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Negligence Alone Insufficient for Compensation

In any personal injury lawsuit, there are some basic legal and factual requirements that must be met in order for the claim to succeed.
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These requirements include establishment of:
–A duty owed by defendant to plaintiff;
–A breach of that duty;
–Proof that breach proximately caused plaintiff’s injuries;
–Compensable damages.

If any one of these elements goes wanting, the entire case will fail.

Usually, to meet the last element, plaintiff will have suffered some type of injury (physical or mental) that resulted in quantifiable loss or damage.

Florida case law has in the past allowed compensation for expenses occurred for medical examination and diagnostic testing that was reasonable to determine whether an incident caused injury – even if it was later determined no personal injury resulted.

The 1997 case of Sparks-Book v. Sports Authority followed precedent, with the Third District Court of Appeal handing down the ruling. In that case, plaintiff was shopping when a camping stove was knocked accidentally off a store shelf by an employee, striking patron on the head. She later filed a civil lawsuit, along with her husband, who claimed loss of consortium. The store conceded liability, but contested damages.

The core issue was whether plaintiff’s physical ailments were attributable to the incident, and the jury answered in the negative. On appeal, the appellate court ruled at minimum, plaintiff was entitled to recover medical expenses she incurred for initial treatment/diagnostic testing reasonably necessary to ascertain whether she had suffered an injury. It’s well-known, particularly with head injuries, that initial symptoms may not be obvious to the sufferer. The court cited the 1982 Second District ruling in Blanford v. Polk County in its reasoning.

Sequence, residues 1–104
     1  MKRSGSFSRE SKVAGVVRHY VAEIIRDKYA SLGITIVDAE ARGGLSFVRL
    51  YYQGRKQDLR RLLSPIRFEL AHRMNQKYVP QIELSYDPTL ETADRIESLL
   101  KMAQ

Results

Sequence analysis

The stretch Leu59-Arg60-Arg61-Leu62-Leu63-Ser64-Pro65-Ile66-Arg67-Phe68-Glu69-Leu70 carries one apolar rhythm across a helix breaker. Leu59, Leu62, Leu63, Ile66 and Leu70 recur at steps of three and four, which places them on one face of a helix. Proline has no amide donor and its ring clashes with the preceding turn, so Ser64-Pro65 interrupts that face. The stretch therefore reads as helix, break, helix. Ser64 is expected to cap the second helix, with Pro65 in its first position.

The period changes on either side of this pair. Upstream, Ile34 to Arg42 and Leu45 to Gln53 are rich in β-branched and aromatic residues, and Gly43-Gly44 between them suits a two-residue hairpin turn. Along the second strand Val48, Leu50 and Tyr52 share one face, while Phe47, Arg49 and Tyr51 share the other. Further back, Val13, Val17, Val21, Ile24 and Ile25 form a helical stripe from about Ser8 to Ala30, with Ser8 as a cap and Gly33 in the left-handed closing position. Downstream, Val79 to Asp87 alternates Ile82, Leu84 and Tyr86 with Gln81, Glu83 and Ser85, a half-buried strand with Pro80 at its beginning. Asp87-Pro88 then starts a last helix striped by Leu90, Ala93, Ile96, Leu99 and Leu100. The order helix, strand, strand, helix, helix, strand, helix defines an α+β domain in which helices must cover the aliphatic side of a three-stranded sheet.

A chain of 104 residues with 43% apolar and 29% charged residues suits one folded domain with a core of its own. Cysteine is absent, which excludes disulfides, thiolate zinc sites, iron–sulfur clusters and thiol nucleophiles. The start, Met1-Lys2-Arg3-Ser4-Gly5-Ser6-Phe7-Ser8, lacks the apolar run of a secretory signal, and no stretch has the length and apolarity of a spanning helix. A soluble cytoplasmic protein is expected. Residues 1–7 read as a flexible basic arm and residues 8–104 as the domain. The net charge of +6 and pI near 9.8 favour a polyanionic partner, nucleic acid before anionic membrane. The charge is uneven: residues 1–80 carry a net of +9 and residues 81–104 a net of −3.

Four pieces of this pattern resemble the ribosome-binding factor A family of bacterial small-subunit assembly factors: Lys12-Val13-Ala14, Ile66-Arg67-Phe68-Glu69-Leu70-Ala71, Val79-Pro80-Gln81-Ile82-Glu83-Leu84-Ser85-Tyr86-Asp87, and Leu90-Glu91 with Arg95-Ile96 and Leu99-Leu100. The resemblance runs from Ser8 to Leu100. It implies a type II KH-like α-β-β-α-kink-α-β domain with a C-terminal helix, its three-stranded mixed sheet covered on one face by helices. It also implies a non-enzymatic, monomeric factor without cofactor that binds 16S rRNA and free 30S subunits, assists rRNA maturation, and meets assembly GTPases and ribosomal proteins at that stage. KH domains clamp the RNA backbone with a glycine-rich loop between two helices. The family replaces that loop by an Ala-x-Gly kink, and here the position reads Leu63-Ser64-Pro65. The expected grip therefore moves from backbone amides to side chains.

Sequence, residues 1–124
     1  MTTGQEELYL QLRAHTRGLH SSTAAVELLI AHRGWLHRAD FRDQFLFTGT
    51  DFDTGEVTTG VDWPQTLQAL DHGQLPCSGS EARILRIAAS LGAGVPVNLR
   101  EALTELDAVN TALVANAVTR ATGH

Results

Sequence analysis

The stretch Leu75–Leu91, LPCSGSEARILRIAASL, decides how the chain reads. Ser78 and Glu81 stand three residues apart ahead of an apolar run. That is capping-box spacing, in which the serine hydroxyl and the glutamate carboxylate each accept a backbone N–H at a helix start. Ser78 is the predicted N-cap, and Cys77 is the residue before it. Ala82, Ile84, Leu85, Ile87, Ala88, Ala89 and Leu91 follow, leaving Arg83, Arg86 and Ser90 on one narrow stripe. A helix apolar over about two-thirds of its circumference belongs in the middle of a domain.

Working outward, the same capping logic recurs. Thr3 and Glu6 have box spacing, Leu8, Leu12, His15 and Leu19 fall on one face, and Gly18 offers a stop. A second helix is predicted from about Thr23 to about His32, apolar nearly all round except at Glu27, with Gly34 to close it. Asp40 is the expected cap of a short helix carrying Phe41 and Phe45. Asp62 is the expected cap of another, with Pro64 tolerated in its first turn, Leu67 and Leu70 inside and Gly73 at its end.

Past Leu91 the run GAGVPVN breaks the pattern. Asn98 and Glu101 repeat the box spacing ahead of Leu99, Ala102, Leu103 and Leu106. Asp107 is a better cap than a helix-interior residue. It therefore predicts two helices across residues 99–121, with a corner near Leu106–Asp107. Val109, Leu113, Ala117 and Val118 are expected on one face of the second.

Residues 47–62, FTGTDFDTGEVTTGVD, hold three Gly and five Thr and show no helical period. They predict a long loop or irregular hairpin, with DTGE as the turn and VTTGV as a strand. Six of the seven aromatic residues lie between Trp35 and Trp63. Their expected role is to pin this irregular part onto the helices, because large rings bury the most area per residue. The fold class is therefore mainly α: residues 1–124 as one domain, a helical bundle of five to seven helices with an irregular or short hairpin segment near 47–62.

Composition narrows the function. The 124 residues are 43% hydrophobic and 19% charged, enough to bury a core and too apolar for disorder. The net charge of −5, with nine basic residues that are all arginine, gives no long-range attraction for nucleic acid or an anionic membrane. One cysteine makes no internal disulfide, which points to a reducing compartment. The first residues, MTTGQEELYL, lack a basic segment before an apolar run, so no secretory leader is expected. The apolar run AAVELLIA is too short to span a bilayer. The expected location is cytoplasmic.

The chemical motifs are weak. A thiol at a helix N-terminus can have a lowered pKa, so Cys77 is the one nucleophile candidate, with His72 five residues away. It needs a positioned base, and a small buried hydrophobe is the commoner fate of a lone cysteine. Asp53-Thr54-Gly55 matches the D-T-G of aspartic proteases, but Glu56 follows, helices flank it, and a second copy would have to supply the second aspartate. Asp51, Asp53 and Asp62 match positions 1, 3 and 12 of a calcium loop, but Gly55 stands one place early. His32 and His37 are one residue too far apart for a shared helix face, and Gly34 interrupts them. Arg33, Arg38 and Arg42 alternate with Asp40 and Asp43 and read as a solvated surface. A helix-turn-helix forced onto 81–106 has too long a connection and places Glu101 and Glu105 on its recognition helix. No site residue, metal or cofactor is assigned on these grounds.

It was undisputed in Sparks-Book that an ambulance was called to the scene and plaintiff was transported to a nearby emergency room for x-rays of her jaw, shoulder and neck. The court ruled plaintiff should not be responsible to cover those damages.

However more recently, in Schwartz v. Wal-Mart Stores, Inc., the Fifth District Court of Appeal denied plaintiff motion for a new trial on similar grounds. The facts of the case were fundamentally different.

According to court records, plaintiff was shopping at a chain store when she was struck in the back by a small, “squishy” ornamental pumpkin. Employees negligently caused plaintiff to be hit – and the store conceded as much – but contested the issues of causation and damages.

The case went before a jury, which returned a zero-damages finding.

However, following trial, the court granted motion for a new trial solely for determination of damages for the initial medical valuation she sought following the incident – but nothing more. Both sides appealed – plaintiff because she wanted to pursue more than recovery of diagnostic expenses and defendant because it argued there should be no new trial at all.

Appellate court sided with defendant, finding as a matter of law, plaintiff failed to prove injury as a result of the incident. Although it was undisputed she sought medical care and treatment immediately following the incident, the court found her case fell within an exception to the rule. Jurors were allowed to return a zero-damages verdict even in spite of medical diagnostic expenses where there is sufficient evidence as to causation.

Defense expert witness testimony indicated there was no possible way the impact of that ornamental pumpkin could have caused injury to plaintiff, and appellate court agreed, thus invoking the exception.

Call Associates and Bruce L. Scheiner, Attorneys for the Injured, at 1-800-646-1210.

Additional Resources:
Schwartz v. Wal-Mart Stores, Inc., Jan. 16, 2015, Florida’s Fifth District Court of Appeal
More Blog Entries:
Semian v. Ledgemere Transp., Inc. – No Bar to Recovery for Comparative Fault, Jan. 15, 2015, Fort Myers Injury Lawyer Blog